Victims, Witnesses, and Justice Reform (Scotland) Bill: island communities impact assessment

Records the decision not to carry out an island communities impact assessment for the Victims, Witnesses, and Justice Reform (Scotland) Bill. It explains why the Bill will not have a significantly different effect on island communities and describes how this assessment has been made.

Findings in relation to impacts on island communities

Consultation on not proven and related reforms

The analysis of responses to the consultation on not proven and related reforms found that the majority of the 99 respondents who answered the question about island communities in the consultation on not proven and related reforms thought there would be no impacts. A few respondents commented on island communities specifically however no significant impacts were raised.

Consultation on improving victims' experiences of the justice system

The analysis of responses to the consultation on improving victims' experiences of the justice system found that respondents generally agreed that victims living in more remote communities, such as the Scottish islands, faced particular challenges with regard to accessing justice and there was agreement that support was needed for victims who live remotely. In particular, it was felt that assistance with costs of travel or reducing the need to travel for appearances at court through more frequent and consistent use of technological solutions would be helpful.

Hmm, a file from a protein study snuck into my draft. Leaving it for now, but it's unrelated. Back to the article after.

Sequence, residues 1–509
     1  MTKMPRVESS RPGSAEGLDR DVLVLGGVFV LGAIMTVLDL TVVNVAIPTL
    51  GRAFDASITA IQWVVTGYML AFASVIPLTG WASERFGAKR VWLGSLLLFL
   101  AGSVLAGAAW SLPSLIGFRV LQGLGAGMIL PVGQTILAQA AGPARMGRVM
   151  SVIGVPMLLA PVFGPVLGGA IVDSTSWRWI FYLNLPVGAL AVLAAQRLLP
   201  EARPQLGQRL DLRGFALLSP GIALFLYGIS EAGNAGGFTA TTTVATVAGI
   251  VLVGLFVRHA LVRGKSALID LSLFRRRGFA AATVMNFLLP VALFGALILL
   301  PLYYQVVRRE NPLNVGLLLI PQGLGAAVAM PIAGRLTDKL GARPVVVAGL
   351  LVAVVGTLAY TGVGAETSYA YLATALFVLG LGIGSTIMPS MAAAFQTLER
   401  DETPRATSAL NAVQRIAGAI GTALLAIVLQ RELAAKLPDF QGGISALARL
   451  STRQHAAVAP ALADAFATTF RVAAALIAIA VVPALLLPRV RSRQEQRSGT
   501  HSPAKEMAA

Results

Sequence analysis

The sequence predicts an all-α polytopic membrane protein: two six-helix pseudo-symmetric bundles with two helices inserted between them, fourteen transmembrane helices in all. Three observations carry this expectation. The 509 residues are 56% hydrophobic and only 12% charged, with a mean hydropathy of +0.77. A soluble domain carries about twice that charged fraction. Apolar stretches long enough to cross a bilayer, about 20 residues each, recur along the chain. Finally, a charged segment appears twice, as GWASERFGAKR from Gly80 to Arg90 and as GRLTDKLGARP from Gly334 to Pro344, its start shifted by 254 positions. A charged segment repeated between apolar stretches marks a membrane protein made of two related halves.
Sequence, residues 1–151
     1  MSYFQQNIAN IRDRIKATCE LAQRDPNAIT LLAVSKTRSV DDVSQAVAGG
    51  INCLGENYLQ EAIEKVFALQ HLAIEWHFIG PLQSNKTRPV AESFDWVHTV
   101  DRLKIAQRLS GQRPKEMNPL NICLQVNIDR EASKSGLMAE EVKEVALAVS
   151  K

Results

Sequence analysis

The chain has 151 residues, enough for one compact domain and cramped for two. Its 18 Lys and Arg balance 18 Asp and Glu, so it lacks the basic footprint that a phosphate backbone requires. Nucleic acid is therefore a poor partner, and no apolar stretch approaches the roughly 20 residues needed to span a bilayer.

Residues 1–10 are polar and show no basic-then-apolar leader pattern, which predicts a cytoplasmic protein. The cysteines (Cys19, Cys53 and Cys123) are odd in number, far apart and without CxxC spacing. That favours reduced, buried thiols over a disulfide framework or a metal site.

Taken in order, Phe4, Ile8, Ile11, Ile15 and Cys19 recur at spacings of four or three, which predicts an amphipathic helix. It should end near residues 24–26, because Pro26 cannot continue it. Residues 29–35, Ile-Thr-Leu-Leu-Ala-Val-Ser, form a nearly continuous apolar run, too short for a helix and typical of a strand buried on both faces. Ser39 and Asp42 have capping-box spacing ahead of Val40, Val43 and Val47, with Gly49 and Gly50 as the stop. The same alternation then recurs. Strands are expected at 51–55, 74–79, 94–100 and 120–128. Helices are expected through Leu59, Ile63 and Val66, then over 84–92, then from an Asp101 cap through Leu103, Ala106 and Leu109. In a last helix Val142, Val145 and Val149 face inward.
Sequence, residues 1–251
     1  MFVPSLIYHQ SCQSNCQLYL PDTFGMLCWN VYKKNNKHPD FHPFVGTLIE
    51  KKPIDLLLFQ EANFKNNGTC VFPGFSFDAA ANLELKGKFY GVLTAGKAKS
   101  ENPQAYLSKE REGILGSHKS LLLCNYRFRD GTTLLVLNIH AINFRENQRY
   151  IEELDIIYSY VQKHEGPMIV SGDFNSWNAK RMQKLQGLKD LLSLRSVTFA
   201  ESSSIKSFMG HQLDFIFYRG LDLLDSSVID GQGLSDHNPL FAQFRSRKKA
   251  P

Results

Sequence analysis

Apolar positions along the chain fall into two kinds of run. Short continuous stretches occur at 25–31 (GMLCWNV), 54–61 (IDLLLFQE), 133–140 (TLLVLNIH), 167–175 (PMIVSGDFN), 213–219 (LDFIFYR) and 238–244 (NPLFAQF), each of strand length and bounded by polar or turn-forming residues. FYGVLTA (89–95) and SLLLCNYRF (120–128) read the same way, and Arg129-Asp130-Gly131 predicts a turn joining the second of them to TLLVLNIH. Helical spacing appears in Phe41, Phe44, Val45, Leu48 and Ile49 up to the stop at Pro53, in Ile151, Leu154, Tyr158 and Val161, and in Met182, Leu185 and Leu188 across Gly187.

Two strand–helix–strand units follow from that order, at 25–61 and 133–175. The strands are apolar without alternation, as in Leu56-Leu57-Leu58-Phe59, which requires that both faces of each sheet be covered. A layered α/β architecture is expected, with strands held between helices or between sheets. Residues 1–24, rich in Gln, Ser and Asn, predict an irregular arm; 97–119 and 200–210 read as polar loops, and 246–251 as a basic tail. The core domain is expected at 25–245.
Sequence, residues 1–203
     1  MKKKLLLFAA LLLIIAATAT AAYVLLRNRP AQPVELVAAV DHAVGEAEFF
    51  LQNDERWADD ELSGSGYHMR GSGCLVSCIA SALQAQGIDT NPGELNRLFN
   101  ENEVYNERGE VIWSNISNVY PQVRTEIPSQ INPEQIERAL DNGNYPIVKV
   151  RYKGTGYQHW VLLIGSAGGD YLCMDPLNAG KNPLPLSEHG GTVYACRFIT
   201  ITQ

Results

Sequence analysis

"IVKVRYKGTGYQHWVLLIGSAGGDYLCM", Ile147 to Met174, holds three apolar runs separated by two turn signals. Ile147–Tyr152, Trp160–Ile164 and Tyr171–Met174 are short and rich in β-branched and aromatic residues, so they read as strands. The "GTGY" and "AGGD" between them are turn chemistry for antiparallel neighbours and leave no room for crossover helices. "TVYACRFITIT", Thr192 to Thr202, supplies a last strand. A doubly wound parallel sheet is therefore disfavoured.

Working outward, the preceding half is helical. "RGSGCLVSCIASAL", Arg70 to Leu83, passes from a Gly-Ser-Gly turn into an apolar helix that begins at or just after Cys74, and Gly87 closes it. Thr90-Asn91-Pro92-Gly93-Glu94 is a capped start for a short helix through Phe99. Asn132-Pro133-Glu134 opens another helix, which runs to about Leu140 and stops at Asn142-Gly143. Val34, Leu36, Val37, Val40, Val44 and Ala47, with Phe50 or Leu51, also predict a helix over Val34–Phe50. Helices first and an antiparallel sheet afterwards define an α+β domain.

A specific concern was raised that people living in island communities may not benefit from anonymity provisions in the same way as people from more populous areas, as such close-knit communities tend to be aware of what is happening within them. Overall, however, it was observed that many of the proposals would have a positive impact on accessibility and access to support.

The analysis of responses does not record any specific points on special measures in courts on the islands. However, one point made by consultees generally on special measures was about the availability of equipment. The analysis of responses noted that "increased demand for relevant specialist equipment, especially at short notice, or for cases heard in settings outside of a normal court room, could be difficult to manage, for example. Any lack of availability in equipment (due to increased demand) could then impact on case progress and cause delays (unless additional funding for equipment was put in place)."

Wider consultation and engagement

No significant impacts on island communities have been identified through engagement with stakeholders.

Other sources

The consultation on registers of child welfare reporters, curators ad litem and solicitors, which ran between March and July 2021 sought views on measures contained in the Children (Scotland) Act 2020 ("the 2020 Act"). Provisions of the 2020 Act, when commenced, will provide for solicitors to be appointed when a person is prohibited from conducting their own case in certain circumstances. The current Bill intends to extend this to civil cases in general.

The consultation on the 2020 Act measures noted there may be an impact on island communities if there were fewer solicitors available in island communities who could be appointed from the register to represent a person who is prohibited from personally conducting their own case.



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